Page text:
For engineering organizations, career paths do a few things. They give engineers objective and clear expectations about what they must do now and what they can do next to continue growing in their careers. They also provide an agreed-upon method for different managers throughout the company to evaluate their direct reports.


When are career paths offered?

Career paths are especially high on engineers’ minds right now as we enter the cycle of performance review and promotion. Submitting tracks doesn’t have to be difficult but it does require thought and attention. When I was director of engineering at Lyft developing pipelines for the engineering team, we spent a lot of time researching what other companies were doing only to discover that what little information was available.

One of the guidelines is to introduce them when you have about 20 engineers. Less is probably too early in the company stage. And remember, career paths are meant for development and growth so your first pass will not be the final version. At Opendoor I expect to update our career paths about once a year with minor tweaks and improvements as the company and culture evolve.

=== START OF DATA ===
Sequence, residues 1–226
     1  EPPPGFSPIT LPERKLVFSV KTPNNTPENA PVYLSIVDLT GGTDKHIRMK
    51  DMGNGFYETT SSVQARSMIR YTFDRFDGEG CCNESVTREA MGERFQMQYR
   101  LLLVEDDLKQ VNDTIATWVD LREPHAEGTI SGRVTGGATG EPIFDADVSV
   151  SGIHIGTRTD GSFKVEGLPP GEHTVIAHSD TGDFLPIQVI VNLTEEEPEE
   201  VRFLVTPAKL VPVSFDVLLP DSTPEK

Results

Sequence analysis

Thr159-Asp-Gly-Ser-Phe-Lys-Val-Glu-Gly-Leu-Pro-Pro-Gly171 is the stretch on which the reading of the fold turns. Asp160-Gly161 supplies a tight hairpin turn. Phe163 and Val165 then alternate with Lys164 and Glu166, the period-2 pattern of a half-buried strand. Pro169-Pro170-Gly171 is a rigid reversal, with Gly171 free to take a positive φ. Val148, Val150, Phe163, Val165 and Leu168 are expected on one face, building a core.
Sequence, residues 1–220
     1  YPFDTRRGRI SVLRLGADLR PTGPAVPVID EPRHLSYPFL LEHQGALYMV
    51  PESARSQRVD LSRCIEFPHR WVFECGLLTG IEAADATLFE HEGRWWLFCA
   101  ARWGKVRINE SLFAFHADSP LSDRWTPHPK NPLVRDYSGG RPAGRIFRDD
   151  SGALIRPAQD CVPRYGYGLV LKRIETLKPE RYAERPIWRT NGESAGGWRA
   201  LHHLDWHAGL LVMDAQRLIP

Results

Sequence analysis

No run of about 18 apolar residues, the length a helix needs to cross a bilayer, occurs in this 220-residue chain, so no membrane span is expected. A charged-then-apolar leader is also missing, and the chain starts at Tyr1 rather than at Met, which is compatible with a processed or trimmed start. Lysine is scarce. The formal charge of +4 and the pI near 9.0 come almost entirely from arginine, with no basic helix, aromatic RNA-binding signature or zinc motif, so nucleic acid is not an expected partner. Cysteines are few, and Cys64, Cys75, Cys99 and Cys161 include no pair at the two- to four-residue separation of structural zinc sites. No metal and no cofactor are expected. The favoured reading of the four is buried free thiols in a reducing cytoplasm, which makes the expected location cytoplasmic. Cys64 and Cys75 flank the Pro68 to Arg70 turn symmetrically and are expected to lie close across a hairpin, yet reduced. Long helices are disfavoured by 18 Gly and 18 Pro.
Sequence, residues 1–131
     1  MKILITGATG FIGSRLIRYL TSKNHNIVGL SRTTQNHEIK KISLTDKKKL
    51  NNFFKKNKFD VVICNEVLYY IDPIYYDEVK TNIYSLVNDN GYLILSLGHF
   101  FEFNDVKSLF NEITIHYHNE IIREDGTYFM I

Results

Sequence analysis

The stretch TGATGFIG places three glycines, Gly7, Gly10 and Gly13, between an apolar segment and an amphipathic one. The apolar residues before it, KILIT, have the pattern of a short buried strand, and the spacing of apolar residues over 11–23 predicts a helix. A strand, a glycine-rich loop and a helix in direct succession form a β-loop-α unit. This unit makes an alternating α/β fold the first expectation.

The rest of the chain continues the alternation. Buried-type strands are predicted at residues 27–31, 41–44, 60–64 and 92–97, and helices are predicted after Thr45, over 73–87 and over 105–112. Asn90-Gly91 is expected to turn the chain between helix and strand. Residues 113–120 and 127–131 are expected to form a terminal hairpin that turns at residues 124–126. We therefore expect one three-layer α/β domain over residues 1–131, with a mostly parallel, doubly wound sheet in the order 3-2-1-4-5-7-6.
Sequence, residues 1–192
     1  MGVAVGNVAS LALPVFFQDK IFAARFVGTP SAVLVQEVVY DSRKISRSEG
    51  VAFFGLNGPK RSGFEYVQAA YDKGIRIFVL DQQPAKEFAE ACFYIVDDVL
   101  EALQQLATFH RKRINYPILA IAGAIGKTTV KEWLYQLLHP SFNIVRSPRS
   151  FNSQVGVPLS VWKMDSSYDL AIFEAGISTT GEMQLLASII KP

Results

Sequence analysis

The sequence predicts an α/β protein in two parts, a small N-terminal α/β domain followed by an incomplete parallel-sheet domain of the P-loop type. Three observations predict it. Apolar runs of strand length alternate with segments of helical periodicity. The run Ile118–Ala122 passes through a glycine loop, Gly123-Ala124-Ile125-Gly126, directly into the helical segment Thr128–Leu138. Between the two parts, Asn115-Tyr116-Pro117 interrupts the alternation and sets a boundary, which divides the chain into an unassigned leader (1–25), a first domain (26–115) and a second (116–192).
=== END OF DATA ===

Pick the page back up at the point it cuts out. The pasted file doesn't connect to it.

How to choose a career path and make it successful

When you have clear roles and responsibilities, there can be no surprises. This means that the paths must be specific about the levels and what the expectations are at each of those levels. This is vital and a key output of the career path which will ultimately be used in a performance review.

For example Individual Contributor (IC), Individual Contributor Manager (ICM), and Engineering Director (EM) are three different roles with unique paths. These tracks focus on different areas: one is leadership and strategy, one is quite technical and focuses on building things, and one is a combination of technical and management skills. If you are going to choose the ICM path you will understand up front that the role requires 50 percent of your time to be spent directing, coding and leading projects and the other 50 percent managing a small team. Responsibilities and expectations are clear.